Prof. Michel Claudon (France) then discussed the necessity of proper evaluation prior to starting a new project: Checking out not only the local consequences for a large-scale regional project, but ensuring that the enthusiasm of other project leaders is not due to the kind of advantage that would influence their motivation for getting involved. The lesson learned was that as the responsibility for initiating new projects stops with the project leader, it's important to be as informed as possible. Prof. Luis Donoso (Spain) then spoke about the usefulness of regret – stating that if we can anticipate the regret we can improve our decision-making process. A few of the areas of regret he touched on included delays in action, trying to work an organisational structure that is not consistent with the current organisation, not showing enough commitment to strengthening the role of radiographers, and not involving others in management decisions enough.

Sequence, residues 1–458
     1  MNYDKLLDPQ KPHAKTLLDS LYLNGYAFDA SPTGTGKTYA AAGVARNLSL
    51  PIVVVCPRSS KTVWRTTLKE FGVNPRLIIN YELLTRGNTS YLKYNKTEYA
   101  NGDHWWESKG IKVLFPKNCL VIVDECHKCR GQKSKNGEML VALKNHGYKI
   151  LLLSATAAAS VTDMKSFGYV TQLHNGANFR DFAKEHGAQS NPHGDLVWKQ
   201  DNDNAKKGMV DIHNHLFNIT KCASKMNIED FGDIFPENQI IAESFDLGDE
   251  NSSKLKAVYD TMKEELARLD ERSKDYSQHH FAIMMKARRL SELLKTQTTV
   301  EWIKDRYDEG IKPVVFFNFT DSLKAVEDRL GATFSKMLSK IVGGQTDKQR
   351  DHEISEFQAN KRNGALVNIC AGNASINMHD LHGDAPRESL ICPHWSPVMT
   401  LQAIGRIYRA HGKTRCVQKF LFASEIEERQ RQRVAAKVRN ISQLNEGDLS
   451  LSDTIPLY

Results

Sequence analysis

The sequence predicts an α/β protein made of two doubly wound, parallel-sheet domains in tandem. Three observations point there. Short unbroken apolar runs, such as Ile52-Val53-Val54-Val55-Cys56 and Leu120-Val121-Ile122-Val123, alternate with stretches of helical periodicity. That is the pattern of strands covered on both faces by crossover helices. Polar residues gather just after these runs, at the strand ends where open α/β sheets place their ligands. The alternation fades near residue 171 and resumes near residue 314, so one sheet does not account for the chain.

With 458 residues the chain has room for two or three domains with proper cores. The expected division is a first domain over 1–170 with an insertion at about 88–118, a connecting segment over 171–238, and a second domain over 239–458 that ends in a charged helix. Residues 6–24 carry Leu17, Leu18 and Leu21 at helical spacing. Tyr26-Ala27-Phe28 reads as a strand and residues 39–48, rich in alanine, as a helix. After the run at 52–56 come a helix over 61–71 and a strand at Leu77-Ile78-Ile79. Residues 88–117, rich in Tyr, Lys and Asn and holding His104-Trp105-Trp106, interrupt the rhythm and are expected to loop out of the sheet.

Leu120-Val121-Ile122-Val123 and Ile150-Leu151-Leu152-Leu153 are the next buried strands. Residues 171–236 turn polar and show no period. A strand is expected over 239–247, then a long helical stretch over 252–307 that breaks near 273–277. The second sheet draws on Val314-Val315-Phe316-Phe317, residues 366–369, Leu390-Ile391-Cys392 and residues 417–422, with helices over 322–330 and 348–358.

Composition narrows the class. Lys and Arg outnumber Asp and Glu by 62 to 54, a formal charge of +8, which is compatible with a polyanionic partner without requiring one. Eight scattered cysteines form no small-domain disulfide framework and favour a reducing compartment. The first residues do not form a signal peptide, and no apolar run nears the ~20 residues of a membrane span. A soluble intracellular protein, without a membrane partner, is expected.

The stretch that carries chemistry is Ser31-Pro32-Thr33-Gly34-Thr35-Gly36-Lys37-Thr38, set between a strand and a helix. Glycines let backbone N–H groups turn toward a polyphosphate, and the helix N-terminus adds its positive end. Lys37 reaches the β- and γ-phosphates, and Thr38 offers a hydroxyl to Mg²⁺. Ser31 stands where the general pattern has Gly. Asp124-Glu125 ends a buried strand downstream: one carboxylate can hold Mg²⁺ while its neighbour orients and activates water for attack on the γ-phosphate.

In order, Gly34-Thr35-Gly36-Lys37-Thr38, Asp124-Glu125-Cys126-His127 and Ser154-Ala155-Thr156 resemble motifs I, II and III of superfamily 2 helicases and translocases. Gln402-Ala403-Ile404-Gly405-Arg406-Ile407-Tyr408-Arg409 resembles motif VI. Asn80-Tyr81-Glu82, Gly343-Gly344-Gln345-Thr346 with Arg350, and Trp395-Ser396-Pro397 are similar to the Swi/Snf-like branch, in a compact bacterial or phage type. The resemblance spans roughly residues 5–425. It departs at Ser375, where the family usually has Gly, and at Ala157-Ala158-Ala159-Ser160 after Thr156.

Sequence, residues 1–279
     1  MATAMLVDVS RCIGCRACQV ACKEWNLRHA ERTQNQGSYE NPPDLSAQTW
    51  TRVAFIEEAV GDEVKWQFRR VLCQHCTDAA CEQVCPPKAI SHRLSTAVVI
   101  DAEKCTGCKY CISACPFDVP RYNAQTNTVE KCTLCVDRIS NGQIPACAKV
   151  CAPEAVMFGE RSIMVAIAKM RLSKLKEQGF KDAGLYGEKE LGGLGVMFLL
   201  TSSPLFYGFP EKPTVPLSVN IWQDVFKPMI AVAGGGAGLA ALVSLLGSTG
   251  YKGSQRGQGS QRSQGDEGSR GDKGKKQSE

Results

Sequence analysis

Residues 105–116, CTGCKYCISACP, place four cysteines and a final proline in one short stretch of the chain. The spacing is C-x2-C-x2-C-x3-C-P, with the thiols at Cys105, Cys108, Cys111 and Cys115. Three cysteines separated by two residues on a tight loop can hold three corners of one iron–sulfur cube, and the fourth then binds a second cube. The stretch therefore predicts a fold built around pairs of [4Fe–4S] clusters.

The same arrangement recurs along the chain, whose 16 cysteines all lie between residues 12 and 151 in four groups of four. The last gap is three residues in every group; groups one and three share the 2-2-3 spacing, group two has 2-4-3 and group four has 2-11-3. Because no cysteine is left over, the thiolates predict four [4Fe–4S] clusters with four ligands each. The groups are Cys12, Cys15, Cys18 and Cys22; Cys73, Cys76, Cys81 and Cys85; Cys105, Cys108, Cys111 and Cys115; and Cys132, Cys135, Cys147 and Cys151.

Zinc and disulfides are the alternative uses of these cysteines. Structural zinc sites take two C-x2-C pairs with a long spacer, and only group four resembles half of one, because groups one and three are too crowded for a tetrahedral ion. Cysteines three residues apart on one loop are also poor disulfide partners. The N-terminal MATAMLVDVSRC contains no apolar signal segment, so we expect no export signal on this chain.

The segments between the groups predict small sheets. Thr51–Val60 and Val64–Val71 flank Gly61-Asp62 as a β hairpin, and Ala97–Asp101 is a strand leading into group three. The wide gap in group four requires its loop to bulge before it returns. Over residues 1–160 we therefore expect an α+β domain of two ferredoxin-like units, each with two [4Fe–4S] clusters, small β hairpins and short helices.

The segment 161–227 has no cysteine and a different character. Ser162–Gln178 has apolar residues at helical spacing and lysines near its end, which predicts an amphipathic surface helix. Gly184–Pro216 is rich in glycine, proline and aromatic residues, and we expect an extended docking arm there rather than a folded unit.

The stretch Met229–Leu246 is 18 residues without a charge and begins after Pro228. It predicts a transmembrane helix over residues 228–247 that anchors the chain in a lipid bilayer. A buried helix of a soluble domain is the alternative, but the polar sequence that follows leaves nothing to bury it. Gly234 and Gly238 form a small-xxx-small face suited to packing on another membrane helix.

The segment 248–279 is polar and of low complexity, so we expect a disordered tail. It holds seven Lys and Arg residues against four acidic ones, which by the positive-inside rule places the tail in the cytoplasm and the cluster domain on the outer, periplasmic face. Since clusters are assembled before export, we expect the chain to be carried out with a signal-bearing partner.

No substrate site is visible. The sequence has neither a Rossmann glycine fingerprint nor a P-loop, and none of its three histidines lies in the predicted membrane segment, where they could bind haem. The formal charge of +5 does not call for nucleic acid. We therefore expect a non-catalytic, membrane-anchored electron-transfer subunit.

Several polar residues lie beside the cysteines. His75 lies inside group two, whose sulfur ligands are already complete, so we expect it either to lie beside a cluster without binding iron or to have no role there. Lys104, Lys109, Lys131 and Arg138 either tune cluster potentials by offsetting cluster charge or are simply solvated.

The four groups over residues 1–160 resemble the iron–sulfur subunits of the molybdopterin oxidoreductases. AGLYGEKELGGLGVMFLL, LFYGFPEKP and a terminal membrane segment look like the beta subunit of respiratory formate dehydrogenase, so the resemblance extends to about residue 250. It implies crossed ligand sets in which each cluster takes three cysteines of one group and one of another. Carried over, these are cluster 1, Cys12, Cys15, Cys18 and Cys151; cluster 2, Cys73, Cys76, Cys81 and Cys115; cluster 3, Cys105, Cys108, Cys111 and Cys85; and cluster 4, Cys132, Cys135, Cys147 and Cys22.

Friday's sessions began by addressing management issues in radiation protection, with a line-up of three speakers discussing issues such as management of radiation protection in fluoroscopy imaging, the impact of responsible authorities on the medical imaging department, and imaging guidelines in pregnancy – defining the department's policy. It followed up with a session on teleradiology, a recurrent theme for the congress as it strives to keep attendees updated on the latest facets of this ongoing debate, particularly in the field of legal issues and new trends. Finally, the meeting concluded with a look at the management issues faced by medical imaging managers and chairmen in the host country, this year Spain. A presentation by the Spanish Society of Management and Quality in Medical Imaging summarised the achievements made by this association, and followed with a focus on the IT management issues particular to Spain. All in all, the congress was received very positively by attendees, who state that its practical usefulness is invaluable. Interviews with attendees and speakers, photos and session highlights will be made available on the www.imagingmanagement. org website.
More information is available at www.mir-online.org.